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2011 02-04 - d sallier - prévision probabiliste

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• 1. Probabilistic demand forecasting Prepared & presented by Daniel SALLIER Traffic Data & Forecasting Director Aéroports de Paris [email_address] 01 70 03 45 68
• 2. Content
• Foreground
• The &quot;classical&quot; forecasting approach
• Drawbacks of the &quot;classical&quot; forecasting approach
• 2 generic sources of uncertainty in any forecast
• How to cope with the intrinsic technical uncertainty
• What we are looking for …
• Let's go back to the very basics
• Step #1: model determination
• Step #2: determination of the law of probability of the models parameters
• Step #3: determination of the law of probability of the models output: Y
• Step #4: determination of the law of probability of the future values
• 3. Content (continued)
• The data agregation / break-up issue
• The data agregation issue
• The data break-up issue
• Part of the prospective uncertainty: the residual issue
• What are residuals?
• Taking into account part of the prospective risk
• Further developments and applications
• Vertical cuts for most of the short term utilisation
• Horizontal cuts for most of the mid & long term utilisation
• Conclusions
• So many advantages, so few drawbacks
• 4. Foreground
• 5. The &quot;classical&quot; forecasting approach
• Econometrical or chronological models most of the time;
• Assumptions on the future value of the inputs leading to:
• Single forecasted value (base case?);
• Scenario based forecast.
• &quot;Post-processing&quot; of the model outputs by the experts and/or the management;
1950 1960 1970 1980 1990 2000 2010 2020 Year Passengers (M) Base case High case Low case Historical traffic
• 6. Drawbacks of the &quot;classical&quot; forecasting approach
• The &quot;cheating/forgery&quot; risk:
• &quot;political&quot; figures decided by the management to be &quot;scientifically&quot; justified by the forecasting team;
• experts eager to be as much consensual as possible with the rest of the community: better to be wrong together than right alone!
• It ends up with self deception in the company
• The no ending &quot; what if … &quot; questions asked by a management afraid of having to make up a decision;
• The forecasting team implicitly deciding what is the level of risk the company should incur ;
• A single figure or even scenario related figures does not make any sense from a mathematical and statistical point of view.
• 7. 2 generic sources of uncertainty in any forecast
• The intrinsic technical uncertainty :
• Assumptions on the future value of the inputs
• (GDP, population, fares, …);
• The very nature of the forecasting model
• (linear law, exponentiation law, log law, …);
• The uncertainty on the value of the parameters of the forecasting models;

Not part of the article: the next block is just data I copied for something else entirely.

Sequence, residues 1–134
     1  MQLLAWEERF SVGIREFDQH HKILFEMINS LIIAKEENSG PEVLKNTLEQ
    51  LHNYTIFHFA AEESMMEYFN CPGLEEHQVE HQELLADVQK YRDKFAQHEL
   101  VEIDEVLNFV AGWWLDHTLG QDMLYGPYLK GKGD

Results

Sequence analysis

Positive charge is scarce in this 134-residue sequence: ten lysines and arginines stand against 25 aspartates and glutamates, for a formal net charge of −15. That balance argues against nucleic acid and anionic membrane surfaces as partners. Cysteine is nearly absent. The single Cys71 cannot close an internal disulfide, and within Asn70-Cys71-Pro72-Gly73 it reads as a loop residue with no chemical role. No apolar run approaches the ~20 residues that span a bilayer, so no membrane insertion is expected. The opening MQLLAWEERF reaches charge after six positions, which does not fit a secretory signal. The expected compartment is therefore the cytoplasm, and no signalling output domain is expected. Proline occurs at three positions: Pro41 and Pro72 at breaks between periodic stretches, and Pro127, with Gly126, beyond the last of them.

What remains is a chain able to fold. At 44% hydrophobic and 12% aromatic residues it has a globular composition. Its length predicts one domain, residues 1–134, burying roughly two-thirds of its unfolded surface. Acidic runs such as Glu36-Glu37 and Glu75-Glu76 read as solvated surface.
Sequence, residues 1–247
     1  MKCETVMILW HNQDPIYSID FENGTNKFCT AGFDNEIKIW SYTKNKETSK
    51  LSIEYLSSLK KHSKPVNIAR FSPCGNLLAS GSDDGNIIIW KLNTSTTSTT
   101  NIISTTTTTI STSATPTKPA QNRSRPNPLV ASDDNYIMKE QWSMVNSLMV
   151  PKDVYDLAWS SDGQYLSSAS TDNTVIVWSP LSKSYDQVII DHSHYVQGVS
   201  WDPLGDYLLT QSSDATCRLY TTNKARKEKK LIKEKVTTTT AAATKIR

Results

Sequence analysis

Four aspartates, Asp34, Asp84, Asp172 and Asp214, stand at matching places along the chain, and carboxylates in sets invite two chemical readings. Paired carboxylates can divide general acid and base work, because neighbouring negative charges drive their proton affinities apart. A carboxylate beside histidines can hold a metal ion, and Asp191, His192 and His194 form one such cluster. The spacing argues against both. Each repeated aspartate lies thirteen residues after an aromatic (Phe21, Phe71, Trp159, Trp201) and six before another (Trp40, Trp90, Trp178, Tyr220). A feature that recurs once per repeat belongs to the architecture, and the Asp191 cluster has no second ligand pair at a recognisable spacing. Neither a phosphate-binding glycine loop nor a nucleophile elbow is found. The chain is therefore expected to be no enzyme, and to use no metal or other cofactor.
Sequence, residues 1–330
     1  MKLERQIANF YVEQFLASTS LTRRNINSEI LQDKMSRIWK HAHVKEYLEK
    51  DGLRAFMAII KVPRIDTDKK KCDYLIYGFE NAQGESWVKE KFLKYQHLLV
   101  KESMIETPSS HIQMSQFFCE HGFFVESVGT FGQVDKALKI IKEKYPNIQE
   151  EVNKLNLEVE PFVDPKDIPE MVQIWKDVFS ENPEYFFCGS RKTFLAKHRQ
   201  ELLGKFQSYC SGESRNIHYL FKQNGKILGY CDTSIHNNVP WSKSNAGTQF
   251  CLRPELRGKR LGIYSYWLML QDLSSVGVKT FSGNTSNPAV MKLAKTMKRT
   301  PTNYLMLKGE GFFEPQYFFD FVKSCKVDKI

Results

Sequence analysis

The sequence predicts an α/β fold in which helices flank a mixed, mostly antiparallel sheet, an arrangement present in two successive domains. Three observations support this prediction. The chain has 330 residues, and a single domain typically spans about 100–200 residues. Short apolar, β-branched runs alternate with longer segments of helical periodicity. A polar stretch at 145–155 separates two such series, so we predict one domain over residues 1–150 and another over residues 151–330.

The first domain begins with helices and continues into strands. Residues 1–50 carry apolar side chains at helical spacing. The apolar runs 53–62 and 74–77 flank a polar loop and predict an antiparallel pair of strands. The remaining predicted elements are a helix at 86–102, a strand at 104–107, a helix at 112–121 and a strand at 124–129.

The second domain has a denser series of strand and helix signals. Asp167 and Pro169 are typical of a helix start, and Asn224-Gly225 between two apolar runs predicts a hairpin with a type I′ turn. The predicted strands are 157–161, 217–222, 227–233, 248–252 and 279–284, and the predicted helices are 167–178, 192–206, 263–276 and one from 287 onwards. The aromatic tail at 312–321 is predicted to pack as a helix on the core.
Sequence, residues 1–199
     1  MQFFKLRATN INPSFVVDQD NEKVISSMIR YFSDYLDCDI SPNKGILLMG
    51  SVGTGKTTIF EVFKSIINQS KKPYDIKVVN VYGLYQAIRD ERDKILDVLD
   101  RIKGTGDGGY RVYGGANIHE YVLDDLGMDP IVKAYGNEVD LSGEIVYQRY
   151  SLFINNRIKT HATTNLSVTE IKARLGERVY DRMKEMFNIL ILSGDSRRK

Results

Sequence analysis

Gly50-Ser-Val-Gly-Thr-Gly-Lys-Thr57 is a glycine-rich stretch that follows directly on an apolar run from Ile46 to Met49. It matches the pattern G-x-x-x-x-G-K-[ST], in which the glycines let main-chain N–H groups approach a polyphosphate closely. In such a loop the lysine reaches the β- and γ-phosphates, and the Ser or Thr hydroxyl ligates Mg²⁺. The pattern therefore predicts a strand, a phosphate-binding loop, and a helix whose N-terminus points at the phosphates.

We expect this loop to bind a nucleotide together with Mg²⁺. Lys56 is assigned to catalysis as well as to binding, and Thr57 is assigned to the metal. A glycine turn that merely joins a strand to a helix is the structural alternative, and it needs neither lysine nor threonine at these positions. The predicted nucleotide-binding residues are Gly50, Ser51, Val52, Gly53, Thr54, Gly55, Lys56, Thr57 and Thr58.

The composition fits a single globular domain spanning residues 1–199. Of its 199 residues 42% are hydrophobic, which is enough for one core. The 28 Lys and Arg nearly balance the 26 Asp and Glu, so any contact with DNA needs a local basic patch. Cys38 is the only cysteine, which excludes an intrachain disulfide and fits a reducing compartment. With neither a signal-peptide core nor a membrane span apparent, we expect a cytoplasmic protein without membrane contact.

• The residuals: the difference between actual values and estimates.
• The prospective uncertainty ; any &quot;abnormal&quot; event which may happen in the future.
The techniques developed by ADP's R&D team address mostly the 1st type of generic uncertainty: The intrinsic technical uncertainty
• 8. How to cope with the intrinsic technical uncertainty
• 9. What is the output we are looking for …
• The theory of probabilities provides the tools to answer most of the issues raised by the measurement of the present and the future uncertainty:
… how to proceed? Dummy data
• 10. Let's go back to the very basics
• The full story always starts with a cloud of dots out of which one should find one or several laws/models to be further used as forecasting model(s):
Actual data
• 11. Step #1: model determination
• 1 or several models can fit the data. The way the models are determined is not important (econometrical models, behavioural models, etc.)
Unless one has precise reason to select a specific model, there is no reasons to keep just one of them and to discard all the others. Each model is given an equal chance. R&D works under process to address this issue: the ADN engine for Alexander’s Drift Net. Actual data Actual data 1 st model Actual data 1 st model 2 nd model Actual data 1 st model 2 nd model 3 rd model
• 12. Step #2: determination of the law of probability of the models parameters
• Let's take the 1 st model for instance.
• It's equation is:
• where  X is the residual
• Bootstrap techniques allow to determine the laws of probability of the different parameters (  ,  ,  ,  ) of the model which are strongly correlated to each others.
0% 1% 2% 3% 4% 5% 6% 7% 8% 9% 17.5 18.0 18.5 19.0 19.5 20.0 20.5  Probability 0% 1% 2% 3% 4% 5% 6% 7% 8% 9% 0.08 0.09 0.10 0.11 0.12 0.13 0.14 0.15 0.16 0.17 0.18  Probability Example of drawings of random samples of the model parameters
• 13. Step #3: determination of the law of probability of the models output: Y
• At this stage we have all the probabilistic components of the forecasting model. That's where the Monté-Carlo techniques proves to be useful:
• Take a future deterministic or sampled value of X;
• Draw a random sample of the model parameters;
• Compute the corresponding value of Y;
• Save the value of Y;
• Start the process again until a sufficient number of Ys has been collected;
• Compute the frequency/probability law of Y;
X Axis Y axis 98% probability for Y to be within the band Actual data 50% probability for Y to be greater or equal Forecasting model #2
• 14. Step #4: determination of the law of probability of the future values
• At this stage of the process we have all the probabilistic future values of each forecasting model.
• That where the Monté-Carlo techniques is used once again to combine all these values and get the final probabilistic forecast.
• Each model is given an equal probability to occur.
X axis Y axis 98% probability for Y to be within the band Actual data 50% probability for Y to be greater or equal
• 15. The data aggregation / break-up issue
• 16. The data aggregation issue
• Let's suppose that we are interested in the forecasted demand of the French residents which depends on the French GDP.
• For a given value of the French GDP, we can calculate a forecasted demand to/from UK, to/from the USA, to/from Japan, etc… It means that, from a statistical point of view, the different flows of traffic from/to France cannot be regarded as being independent variables.